STEAM Lesson Plan: Three Little Pigs Design Challenge
The story of Three Little Pigs is not only a staple in the lives of most children, but it’s also the perfect STEAM lesson plan for elementary school students. In this STEAM lesson, students will work in three teams to build houses that will (hopefully) withstand the huff and the puff of the big bad wolf. This lesson will take approximately one 45-60 minute class period to complete.
- 1 copy of The Three Little Pigs
- 50 popsicle sticks for Team 1
- 50 small (hot drink) straws for Team 2
- 50 index cards for Team 3
- 1 thick piece of cardboard to serve as the foundation for each team’s house
- 1 poster board roof for each team
- One roll of masking tape for each team
- Small desk fan to serve as the big, bad wolf (preferably decorated appropriately).
- paper and pencils
- If you’d like to turn your box fan into a big, bad wolf, feel free to draw or print a cartoon photo of a wolf and place on top of the fan. If you have a wolf mask handy, you could use that, too.
- Divide the materials into three groups so students can easily pick up exactly what their team needs for the challenge.
- Read The Three Little Pigs out loud to your class.
- After reading, ask students what they think is needed to build a strong house. Consider linking this to different weather conditions–what would you need if you live in a windy climate? A hot climate? A snowy and cold climate?
- Divide your class into three groups and Introduce the Three Little Pigs Design Challenge: Can your team design and build a house that the big, bad wolf can’t blow down? Requirements:
- Your house must be built on the provided foundation (must be at the bottom of the house) and using the roof (must be at the top of the house) provided.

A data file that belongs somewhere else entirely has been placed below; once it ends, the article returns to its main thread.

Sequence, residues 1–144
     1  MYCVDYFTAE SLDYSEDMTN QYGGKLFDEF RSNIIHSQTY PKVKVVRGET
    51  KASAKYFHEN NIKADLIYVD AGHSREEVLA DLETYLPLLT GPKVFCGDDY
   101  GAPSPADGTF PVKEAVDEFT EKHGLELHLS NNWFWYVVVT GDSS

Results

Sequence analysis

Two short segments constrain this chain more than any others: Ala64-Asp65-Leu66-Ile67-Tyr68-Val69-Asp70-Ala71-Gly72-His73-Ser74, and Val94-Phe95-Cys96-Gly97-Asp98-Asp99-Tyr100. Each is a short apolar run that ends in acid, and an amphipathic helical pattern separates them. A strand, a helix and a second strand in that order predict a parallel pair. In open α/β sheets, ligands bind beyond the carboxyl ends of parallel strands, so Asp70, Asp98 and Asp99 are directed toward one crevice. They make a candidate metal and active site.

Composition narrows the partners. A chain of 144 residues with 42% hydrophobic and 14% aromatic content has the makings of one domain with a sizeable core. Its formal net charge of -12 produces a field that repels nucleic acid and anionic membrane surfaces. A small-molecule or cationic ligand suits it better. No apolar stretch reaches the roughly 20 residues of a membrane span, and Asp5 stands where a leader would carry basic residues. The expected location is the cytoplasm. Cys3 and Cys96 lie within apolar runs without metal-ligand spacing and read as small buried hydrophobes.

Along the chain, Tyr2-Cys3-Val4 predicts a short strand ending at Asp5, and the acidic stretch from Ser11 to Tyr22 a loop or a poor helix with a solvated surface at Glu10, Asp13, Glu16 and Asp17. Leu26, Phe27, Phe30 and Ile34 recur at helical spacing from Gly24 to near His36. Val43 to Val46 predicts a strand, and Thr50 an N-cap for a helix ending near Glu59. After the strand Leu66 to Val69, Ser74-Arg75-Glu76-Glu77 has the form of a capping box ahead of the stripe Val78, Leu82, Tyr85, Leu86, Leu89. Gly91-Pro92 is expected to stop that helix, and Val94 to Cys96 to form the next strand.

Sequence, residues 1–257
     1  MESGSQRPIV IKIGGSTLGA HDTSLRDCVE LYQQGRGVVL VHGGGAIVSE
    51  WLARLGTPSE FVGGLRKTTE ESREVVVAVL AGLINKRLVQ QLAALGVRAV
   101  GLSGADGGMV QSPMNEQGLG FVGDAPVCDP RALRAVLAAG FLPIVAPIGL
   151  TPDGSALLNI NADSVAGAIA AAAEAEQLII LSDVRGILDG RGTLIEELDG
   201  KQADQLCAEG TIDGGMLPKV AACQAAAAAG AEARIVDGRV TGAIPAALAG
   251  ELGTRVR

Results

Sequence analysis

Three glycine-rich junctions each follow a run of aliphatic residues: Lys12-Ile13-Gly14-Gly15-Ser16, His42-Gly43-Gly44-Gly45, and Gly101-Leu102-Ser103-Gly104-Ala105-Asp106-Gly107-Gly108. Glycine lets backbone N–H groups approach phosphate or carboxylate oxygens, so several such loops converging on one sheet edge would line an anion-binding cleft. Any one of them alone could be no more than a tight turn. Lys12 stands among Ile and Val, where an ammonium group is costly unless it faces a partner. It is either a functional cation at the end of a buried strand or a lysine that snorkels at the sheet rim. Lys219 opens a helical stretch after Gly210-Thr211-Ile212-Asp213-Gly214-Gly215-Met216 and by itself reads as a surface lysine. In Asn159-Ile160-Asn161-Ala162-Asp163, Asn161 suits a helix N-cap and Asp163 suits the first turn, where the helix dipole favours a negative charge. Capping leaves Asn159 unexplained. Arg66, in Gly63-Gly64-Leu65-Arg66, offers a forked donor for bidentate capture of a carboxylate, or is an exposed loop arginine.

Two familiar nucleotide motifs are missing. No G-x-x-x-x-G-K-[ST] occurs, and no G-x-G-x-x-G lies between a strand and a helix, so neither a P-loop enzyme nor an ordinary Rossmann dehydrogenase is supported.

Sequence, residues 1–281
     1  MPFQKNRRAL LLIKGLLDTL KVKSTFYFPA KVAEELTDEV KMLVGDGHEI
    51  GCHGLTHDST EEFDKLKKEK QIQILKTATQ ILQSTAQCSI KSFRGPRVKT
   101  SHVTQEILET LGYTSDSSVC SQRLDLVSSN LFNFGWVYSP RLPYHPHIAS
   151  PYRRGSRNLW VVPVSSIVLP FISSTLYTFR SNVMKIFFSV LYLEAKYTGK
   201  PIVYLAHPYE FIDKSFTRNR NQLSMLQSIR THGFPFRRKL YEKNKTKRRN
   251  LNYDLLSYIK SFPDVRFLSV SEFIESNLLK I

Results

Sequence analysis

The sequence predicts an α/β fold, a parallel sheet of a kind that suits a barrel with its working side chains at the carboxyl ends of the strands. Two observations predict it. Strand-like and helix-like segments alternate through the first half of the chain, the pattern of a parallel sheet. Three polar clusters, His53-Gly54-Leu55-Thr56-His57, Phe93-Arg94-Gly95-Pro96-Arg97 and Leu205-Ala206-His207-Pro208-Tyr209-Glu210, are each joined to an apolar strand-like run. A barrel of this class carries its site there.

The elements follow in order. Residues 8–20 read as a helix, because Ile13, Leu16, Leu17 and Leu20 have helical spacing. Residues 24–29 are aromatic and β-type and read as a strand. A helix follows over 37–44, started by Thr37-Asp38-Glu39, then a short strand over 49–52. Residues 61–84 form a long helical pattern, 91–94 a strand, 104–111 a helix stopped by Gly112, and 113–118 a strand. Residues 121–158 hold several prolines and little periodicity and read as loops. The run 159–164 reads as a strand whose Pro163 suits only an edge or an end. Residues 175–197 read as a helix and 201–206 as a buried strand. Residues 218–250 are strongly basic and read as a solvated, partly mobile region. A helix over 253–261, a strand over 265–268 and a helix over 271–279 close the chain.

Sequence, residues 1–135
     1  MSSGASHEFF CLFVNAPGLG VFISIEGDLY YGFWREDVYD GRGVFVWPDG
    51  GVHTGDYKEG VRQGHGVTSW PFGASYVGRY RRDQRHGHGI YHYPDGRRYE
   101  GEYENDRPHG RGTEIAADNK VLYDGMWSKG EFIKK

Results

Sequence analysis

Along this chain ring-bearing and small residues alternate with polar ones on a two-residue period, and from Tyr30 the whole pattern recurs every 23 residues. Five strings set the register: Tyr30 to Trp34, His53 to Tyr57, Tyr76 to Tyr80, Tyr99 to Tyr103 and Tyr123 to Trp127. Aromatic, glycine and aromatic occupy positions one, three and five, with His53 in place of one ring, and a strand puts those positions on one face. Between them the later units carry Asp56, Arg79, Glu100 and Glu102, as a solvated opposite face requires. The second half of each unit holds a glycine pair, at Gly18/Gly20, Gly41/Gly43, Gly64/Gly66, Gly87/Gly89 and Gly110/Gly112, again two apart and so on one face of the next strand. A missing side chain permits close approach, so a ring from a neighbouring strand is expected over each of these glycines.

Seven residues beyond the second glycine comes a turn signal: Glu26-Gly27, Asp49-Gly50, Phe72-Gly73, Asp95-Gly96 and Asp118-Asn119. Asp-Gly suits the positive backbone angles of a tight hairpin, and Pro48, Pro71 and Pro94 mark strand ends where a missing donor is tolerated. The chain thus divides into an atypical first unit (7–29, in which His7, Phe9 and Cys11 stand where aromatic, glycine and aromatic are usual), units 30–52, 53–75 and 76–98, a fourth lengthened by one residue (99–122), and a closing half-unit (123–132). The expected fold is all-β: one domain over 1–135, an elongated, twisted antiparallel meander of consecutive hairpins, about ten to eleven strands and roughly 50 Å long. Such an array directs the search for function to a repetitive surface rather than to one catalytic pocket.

- You can only use the materials provided to your team.
- Everyone must work together and all ideas need to be considered.
- You only have 20 minutes to build your house and have it tested.
- Show students the “Big, Bad Wolf” so they know the force of the wind (huffing and puffing). Note: You can extend this challenge by using a fan with different levels (high, medium, low) and students that pass the “low” fan can move to medium and then high, etc. You can also move the fan to pre-determined locations measuring from further to closer to the house.
- Hand out each team’s assigned material to use. (Note: If you have larger classes, you can divide the students into more than three groups and add additional building materials such as different straw sizes, different popsicle stick sizes, and different paper stock weight sizes. But every team needs to use the same foundation and the same room.)
- Encourage students to draw or sketch their ideas before building.
- After 20 minutes, students must bring their house to the “testing zone.” Note: their house can face any direction, but the wind must always come from the same place. If the house is still standing after 20 seconds, success!
Give students time to write down their answers individually and then discuss as a class:
- What material worked the best?
- Why do you think some materials were more effective than others?
- Was your house able to withstand the huffing and puffing of the big bad wolf?
- How could you improve your design?
- Extension: What are all of the different jobs that are needed in order to build a house (make a list on the whiteboard)? How many of these jobs require an understanding of science, technology, engineering, and/or math (place a star next to these jobs)?